To come from behind and reach the same level as someone who is ahead of you.

With intensive physical training he was able to catch up with his team mates. By the end of the spring, he was as fit as them.

The Cobb, Lyme Regis, Dorset, England

Ildiko IELTS 10th June p200 - 201 advanced language practice 051

Who but the most callous could pass by unmoved by the sight of a poor stranded crab, pincers click-clacking “Help me, the tide’s going out sans moi!” Certainly not my darling little one.

Lyme Regis, on the Jurassic Coast, is about seven miles from my hometown, Axminster.
A picturesque seaside resort, bustling in summer, comatose in winter, it is renowned for its dinosaur fossils – you`ll have to look for `em, mind! – and the Victorian paleontologist Mary Anning.

A feature of the town is The Cobb (backdrop to the momentous Crab Incident), a curving stone jetty nestling a small marina replete with fishing boats. Having its share of fame in recent years, it featured in the film The French Lieutenant`s Woman and in an adaptation of Jane Austen`s Persuasion, in which the heroine slips and falls from the wall. But unlike Humpty Dumpty she survives, as does the novel.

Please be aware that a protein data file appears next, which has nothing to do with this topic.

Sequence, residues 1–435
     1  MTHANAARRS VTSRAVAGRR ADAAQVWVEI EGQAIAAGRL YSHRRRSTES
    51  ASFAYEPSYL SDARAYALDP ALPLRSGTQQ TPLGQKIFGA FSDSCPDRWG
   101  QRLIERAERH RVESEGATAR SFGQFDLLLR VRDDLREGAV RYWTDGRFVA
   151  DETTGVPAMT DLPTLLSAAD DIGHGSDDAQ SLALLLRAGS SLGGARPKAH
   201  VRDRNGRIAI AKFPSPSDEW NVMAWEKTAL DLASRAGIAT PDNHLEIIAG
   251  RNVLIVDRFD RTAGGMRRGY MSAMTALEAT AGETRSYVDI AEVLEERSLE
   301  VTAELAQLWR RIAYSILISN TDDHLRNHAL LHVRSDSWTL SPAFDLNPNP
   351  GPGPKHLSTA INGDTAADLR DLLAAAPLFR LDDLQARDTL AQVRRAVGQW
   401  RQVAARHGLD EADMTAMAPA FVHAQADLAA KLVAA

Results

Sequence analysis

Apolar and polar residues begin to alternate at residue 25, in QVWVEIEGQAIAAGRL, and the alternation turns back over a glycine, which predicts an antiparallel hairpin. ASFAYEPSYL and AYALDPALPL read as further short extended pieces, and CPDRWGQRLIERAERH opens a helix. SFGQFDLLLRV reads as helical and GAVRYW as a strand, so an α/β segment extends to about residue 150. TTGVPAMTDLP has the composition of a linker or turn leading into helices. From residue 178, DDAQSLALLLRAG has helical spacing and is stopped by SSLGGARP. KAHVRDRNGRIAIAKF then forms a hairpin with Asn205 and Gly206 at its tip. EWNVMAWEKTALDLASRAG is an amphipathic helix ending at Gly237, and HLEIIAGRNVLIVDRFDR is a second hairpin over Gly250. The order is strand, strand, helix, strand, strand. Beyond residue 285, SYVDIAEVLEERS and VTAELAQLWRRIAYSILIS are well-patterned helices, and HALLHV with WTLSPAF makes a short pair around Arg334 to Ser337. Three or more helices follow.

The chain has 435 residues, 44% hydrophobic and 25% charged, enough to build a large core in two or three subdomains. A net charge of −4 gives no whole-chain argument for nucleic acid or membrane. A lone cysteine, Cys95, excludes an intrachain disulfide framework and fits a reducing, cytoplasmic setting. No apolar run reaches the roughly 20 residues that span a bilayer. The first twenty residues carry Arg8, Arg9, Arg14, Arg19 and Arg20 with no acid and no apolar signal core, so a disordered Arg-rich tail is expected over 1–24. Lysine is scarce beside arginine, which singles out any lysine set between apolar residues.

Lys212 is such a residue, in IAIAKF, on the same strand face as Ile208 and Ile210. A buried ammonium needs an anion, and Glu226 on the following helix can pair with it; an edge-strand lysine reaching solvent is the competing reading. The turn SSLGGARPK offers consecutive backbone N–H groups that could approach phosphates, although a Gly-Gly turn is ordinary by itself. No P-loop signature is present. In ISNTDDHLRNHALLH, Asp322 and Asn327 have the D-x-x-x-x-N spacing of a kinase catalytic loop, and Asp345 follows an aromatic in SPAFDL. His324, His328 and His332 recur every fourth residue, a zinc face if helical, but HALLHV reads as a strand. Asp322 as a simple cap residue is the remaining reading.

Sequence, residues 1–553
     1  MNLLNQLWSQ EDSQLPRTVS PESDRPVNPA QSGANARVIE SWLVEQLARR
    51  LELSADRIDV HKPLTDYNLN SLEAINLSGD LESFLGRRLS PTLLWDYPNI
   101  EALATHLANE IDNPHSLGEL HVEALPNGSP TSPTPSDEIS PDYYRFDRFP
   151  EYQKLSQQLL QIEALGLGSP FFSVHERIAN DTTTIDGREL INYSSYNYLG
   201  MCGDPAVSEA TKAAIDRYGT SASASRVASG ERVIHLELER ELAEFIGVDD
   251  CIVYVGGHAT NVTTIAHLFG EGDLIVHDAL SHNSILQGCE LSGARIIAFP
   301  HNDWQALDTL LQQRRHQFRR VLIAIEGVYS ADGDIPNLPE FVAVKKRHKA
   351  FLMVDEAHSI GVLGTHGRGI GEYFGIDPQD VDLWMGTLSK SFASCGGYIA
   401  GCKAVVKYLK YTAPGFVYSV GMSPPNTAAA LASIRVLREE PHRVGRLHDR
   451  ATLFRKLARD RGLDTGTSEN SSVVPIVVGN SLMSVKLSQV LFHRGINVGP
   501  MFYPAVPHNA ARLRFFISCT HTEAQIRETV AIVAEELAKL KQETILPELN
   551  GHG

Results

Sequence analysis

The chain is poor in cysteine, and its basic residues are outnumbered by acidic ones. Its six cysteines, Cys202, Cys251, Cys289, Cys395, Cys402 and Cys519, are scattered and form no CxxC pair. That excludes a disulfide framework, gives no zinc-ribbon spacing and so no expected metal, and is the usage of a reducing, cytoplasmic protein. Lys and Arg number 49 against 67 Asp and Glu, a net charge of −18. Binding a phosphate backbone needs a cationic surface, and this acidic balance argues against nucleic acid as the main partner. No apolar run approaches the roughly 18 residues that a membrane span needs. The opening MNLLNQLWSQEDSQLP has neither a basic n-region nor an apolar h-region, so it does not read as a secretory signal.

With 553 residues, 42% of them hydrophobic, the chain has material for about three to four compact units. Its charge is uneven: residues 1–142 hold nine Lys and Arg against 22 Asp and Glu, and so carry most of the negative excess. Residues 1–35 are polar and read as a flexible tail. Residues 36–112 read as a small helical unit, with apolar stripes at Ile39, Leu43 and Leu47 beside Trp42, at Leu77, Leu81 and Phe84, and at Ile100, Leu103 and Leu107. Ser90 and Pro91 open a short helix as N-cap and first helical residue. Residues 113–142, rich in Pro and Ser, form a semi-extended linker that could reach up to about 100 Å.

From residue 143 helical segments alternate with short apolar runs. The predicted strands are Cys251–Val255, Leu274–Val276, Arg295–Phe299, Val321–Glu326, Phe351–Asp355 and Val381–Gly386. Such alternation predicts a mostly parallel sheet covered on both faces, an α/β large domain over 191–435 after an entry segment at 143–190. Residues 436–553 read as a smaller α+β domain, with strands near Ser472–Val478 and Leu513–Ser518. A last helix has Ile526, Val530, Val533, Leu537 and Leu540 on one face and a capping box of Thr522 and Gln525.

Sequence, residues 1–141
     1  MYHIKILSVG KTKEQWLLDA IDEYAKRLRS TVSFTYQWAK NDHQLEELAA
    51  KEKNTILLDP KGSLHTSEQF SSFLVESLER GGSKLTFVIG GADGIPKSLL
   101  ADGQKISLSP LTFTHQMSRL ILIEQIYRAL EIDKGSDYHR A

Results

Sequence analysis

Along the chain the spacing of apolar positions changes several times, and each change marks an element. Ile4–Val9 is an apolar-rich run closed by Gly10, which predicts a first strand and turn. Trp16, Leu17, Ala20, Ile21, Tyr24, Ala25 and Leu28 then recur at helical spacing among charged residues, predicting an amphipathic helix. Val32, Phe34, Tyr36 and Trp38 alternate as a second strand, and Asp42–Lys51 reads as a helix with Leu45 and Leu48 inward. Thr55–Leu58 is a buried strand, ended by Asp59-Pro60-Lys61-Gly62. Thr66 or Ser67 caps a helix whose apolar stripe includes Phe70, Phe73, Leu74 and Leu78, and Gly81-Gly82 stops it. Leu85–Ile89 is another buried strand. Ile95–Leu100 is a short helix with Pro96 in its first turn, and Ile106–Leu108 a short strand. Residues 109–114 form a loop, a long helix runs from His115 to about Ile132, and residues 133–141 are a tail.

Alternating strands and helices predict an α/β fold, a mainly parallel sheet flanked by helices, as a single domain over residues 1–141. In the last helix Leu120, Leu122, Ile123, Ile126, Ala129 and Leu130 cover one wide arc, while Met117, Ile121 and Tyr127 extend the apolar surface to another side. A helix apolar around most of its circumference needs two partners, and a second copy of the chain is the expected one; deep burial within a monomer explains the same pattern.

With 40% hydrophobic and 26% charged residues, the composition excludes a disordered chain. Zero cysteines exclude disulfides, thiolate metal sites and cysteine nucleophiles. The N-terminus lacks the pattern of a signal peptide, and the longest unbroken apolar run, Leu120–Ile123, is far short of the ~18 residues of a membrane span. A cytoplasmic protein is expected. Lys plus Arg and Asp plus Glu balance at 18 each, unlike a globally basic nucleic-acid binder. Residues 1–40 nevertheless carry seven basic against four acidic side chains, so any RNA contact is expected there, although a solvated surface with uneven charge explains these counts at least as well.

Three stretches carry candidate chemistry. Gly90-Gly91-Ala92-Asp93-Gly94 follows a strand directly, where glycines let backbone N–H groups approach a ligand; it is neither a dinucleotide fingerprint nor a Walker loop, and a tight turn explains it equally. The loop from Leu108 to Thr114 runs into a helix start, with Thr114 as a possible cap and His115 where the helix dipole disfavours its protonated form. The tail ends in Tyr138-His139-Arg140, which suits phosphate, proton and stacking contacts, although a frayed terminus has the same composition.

Categories: Dialogues with audio

New English course for children and young adults

I am pleased to introduce a new course I am starting for children and young adults
(8-16 years). I use two main course books:
Crossing Cultures by Janet Borsby and Ruth Swan, a lively book based on facts about English-speaking countries for pre-intermediate and intermediate level students.
Go! By Steve Elsworth and Jim Rose, a fun and creative book for beginner to pre-intermediate level students. I also use supplementary/web-based materials to consolidate student’s learning. Of course, I am also more than happy to go ‘off book’ and engage with a child`s interests, whatever those may be. As a parent myself, I realise how important it is for children to learn while they have the greatest capacity to do so. For this course, I charge 6.000 HUF for 90 minutes for one child, 7.000 HUF total for two children and 7.800 HUF total for three students. For a 60 minute lesson, my rates are 4.000 HUF for one student, 5.400 HUF total for two students and 6.000 HUF total for three students. I kindly ask for 24 hours notice of cancellation. You can contact me on 0630 279 6803 or email:

I look forward to hearing from you,
Maurice Taylor